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Old 30-03-2017, 09:16 PM   #21
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Re: Using Git for Version Control in Audio Projects

Isn't this what splice.com provides?

Workflow and Project Version Tracking...

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Old 30-03-2017, 09:31 PM   #22
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Re: Using Git for Version Control in Audio Projects

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Originally Posted by camusny View Post
Isn't this what splice.com provides?

Workflow and Project Version Tracking...
Probably. I don't use Splice, but that's my understanding. I assume it costs money?

I run my audio storage on ZFS and use snapshots for local version control. It's been working fine so far. I guess it depends on the volume of data, whether you want to work via cloud and how much control you need.
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Old 30-03-2017, 11:37 PM   #23
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Re: Using Git for Version Control in Audio Projects

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Probably. I don't use Splice, but that's my understanding. I assume it costs money?

I run my audio storage on ZFS and use snapshots for local version control. It's been working fine so far. I guess it depends on the volume of data, whether you want to work via cloud and how much control you need.
Damn you're using a ZFS pool for audio storage?

That's great. Is this a NAS setup w/ FreeNAS ?
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Old 30-03-2017, 11:49 PM   #24
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Re: Using Git for Version Control in Audio Projects

Nope, not a big fan of FreeNAS (BSD in general drives me a bit crazy). I'm running ZoL on CentOS. It's just part of my larger storage system. The setup's a bit complex, but basically audio (along with VMs that need high iops) get written to a btrfs mirror of SSDs then offloaded to the ZFS array of spinning disks. The process is fed over 10G direct connect between the workstation and NAS. The speed of the SSDs means no dropouts, and I can have my ZFS array be as slow as it wants to be. It's like very large, very flexible cache for the larger array.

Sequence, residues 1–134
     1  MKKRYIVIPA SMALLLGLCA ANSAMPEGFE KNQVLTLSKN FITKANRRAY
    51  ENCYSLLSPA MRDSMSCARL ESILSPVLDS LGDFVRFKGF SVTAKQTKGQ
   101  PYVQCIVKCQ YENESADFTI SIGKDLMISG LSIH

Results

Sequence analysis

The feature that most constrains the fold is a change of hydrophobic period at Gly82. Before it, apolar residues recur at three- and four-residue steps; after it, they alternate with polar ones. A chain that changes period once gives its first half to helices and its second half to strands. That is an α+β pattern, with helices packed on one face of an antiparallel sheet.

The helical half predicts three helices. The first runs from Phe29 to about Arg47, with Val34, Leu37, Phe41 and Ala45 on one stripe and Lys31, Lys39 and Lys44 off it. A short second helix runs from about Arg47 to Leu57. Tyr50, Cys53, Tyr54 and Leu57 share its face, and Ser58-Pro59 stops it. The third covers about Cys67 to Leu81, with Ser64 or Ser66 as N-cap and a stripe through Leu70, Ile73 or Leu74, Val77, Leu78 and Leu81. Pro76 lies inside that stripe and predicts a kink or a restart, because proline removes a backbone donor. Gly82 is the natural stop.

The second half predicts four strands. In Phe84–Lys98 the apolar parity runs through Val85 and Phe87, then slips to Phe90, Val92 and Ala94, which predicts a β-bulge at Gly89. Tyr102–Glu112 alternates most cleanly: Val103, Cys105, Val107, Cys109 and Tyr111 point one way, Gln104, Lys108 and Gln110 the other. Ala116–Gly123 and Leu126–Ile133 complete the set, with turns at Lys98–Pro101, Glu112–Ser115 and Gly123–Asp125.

Technically there's a failure point there but the chance of losing the SSD mirror before unloading to the z1 array is pretty slim given the uptime of both SSDs and a mirror, and once it's on the ZFS array it's pretty fail proof.

But yeah, snapshots work pretty well on ZFS.
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Old 31-03-2017, 04:45 AM   #25
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Re: Using Git for Version Control in Audio Projects

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Originally Posted by Artificer View Post
Nope, not a big fan of FreeNAS (BSD in general drives me a bit crazy). I'm running ZoL on CentOS. It's just part of my larger storage system. The setup's a bit complex, but basically audio (along with VMs that need high iops) get written to a btrfs mirror of SSDs then offloaded to the ZFS array of spinning disks. The process is fed over 10G direct connect between the workstation and NAS. The speed of the SSDs means no dropouts, and I can have my ZFS array be as slow as it wants to be. It's like very large, very flexible cache for the larger array.

Technically there's a failure point there but the chance of losing the SSD mirror before unloading to the z1 array is pretty slim given the uptime of both SSDs and a mirror, and once it's on the ZFS array it's pretty fail proof.

But yeah, snapshots work pretty well on ZFS.
I think I've found my home in this sub-group.

So the SSD is your fast tier storage and you migrate down to slower-tier via 10G interconnect onto a zfs pool?
sounds pretty fucking cool.